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signature on Debt Validation letter


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When I was searching for sample DV letters on the internet, some of the people who provided sample letters emphasized that at the close of the DV letter you should only type or print your name, but that you should never provide your signature. Is this good advice? If so, why is this recommended? Thanks for your help.

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On my DV letters I just put something simple down like

Be advised that this is not a refusal to pay, but a notice sent pursuant to the Fair Debt Collection Practices Act, 15 USC 1692g Sec. 809 (B) that your claim is disputed and validation is requested.

I don't sign my letters. I just type my name. It's never hurt me.

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I never sign. I have never had a problem either. I either get the information I need or they go away.

Ditto! Call me paranoid, but I think it's best not to provide a copy of your signature in these matters, especially when a signed copy of the original contract is needed for them to prevail in court. In my jurisdiction, without a signed copy of the original contract, a collector, whether an Original Creditor or a Junk Debt Buyer, will not be able to collect interest, late fees, over-the-limit fees, attorney fees, et cetera. The best they can do is win on an 'account stated' approach to the matter which radically reduces what they can collect. Why take the chance?

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Is this good advice? If so, why is this recommended?

The concern is that someone will use your signature and transfer it (forge it) to a document to be used against you.

I handle it this way.

I sign all my official documents, to use an example, "Debtor S. Husband"

But I sign my DV letters, "Debt Husband"

If they ever produce as "evidence" a document signed "Debt Husband", I will be able to prove a charge of forgery against them.

I agree with Cincinnaticus, it's probably somewhat paranoid, but why take the chance?

Regards,

DH

Edited by debtorshusband
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I know someone who used a sig. from an old doc. She photoshopped it to a doc that she needed her husband's sig on. He wasn't available to sign so she 'signed' it for him. This is only one reason I use a digital sig. on all letters to CA's and JDB's. My friend is a much better human being than any CA or JDB I've ever encountered, and if she would do this kind of thing, I can easily see a CA/JDB lifting my sig from a letter to put on a contract so they can 'prove' their claim. Pick a font on your computer and go with it!

Also, in the quote below where I've put in the '[]'... I leave that verbiage out of my DV's.

Quote:

Be advised that this is [not a refusal to pay, but] a notice sent pursuant to the Fair Debt Collection Practices Act, 15 USC 1692g Sec. 809 (B) that your claim is disputed and validation is requested.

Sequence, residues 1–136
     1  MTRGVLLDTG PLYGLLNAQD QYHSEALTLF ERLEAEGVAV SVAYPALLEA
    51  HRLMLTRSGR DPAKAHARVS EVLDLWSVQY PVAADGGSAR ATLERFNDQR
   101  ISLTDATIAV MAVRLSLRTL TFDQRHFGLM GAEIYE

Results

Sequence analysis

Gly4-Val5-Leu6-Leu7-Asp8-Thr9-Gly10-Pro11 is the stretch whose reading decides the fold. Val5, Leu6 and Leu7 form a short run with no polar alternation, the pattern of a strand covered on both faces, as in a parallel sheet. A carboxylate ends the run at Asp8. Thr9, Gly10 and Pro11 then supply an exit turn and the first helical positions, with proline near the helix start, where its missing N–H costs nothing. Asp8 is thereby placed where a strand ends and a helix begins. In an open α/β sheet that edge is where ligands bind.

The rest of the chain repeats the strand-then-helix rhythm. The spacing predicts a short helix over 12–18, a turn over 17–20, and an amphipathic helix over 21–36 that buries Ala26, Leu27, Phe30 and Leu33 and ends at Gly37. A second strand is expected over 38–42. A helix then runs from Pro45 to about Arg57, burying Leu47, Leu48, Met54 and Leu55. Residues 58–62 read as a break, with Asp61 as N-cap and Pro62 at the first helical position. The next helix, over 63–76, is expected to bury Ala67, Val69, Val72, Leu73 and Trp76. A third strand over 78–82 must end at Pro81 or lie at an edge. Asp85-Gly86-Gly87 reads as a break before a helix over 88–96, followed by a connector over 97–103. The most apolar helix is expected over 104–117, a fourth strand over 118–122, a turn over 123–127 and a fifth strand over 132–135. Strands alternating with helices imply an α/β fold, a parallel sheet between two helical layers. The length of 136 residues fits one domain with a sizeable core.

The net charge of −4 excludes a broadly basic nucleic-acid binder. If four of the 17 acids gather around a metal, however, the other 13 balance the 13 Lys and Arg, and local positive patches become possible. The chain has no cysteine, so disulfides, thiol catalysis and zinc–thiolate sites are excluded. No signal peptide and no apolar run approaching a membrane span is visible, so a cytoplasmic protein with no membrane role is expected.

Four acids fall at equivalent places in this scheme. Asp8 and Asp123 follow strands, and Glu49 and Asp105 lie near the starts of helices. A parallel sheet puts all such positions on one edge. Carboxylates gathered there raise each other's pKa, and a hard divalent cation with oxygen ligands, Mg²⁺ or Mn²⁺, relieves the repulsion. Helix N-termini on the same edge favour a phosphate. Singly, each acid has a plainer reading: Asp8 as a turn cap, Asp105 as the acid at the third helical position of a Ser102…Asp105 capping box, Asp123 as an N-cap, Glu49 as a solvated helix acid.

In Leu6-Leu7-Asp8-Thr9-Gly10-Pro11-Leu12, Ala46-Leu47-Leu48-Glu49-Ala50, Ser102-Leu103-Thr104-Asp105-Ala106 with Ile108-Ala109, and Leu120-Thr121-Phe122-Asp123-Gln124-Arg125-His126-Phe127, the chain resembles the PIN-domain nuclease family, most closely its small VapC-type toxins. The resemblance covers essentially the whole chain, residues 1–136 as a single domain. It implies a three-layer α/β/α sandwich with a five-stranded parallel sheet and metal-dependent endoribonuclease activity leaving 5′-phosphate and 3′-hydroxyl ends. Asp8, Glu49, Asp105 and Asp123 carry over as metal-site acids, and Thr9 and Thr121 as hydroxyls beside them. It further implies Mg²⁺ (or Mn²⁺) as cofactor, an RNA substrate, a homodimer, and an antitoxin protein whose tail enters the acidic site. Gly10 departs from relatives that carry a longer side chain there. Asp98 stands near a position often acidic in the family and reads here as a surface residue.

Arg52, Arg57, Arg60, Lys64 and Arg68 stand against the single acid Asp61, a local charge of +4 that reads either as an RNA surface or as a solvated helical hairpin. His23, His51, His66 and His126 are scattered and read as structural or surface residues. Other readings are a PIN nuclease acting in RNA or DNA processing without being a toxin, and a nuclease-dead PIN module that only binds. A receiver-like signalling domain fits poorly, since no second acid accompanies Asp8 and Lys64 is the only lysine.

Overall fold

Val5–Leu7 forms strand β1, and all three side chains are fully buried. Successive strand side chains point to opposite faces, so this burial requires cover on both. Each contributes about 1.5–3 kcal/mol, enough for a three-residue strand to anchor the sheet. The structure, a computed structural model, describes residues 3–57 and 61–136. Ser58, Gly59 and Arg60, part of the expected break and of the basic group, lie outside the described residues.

Why? Because in most cases, I AM refusing to pay an alleged debt presented by a company I've never done any business with. The sentence without the 'not a refusal to pay' clause is still valid... it is a notice of dispute, sent pursuant with the FDCPA... If they can PROVE that I'm obligated to pay them the alleged debt, then we discuss how much I'm gonna pay.

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You don't send "classical" DV letter's to OC's. They are not bound by the FDCPA.

Only third party collectors are bound by the FDCPA.

When they send you a dunning letter, they are required to include the FDCPA verbiage that you may dispute, request verification, etc.

You respond to those letters with a DV letter.

Since they (the OC) are not bound by the FDCPA, they will not be sending you dunning letters with the FDCPA verbiage.

To the extent that the OC sends you demand letters, they should give you an address to which you can send any replies you deem suitable.

Regards,

DH

Edited by debtorshusband
attempt for greater clarity
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You don't send "classical" DV letter's to OC's. They are not bound by the FDCPA.

Only third party collectors are bound by the FDCPA.

When they send you a dunning letter, they are required to include the FDCPA verbiage that you may dispute, request verification, etc.

You respond to those letters with a DV letter.

Since they are not bound by the FDCPA, they will not be sending you dunning letters with the FDCPA verbiage.

To the extent that the OC sends you demand letters, they should give you an address to which you can send any replies you deem suitable.

Regards,

DH

"When they send you a dunning letter. . ." who is "they", the OC or CA? And what is a "dunning letter"?

Sorry!:?

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Sorry, too many "they's" up there. I've edited the post a bit trying to clear up the confusion. In the second paragraph, I'm referring to Collection Agencies. In the last two sentences, I'm talking about the Original Creditor.

A dunning letter is a letter demanding payment. It may be sent by an Original Creditor or a third party Collection Agency collection on behalf of the owner of a debt.

The first time a third party Collection Agency sends a dunning letter, it must have the verbiage required by the FDCPA, since they are bound by the FDCPA.

The Original Creditor is not bound by the FDCPA, so their dunning letters will not contain the FDCPA verbiage. While you may write to the Original Creditor and dispute the amount, or demand proof of the charges, or whatever, you're doing so outside the jurisdiction of the FDCPA.

Regards,

DH

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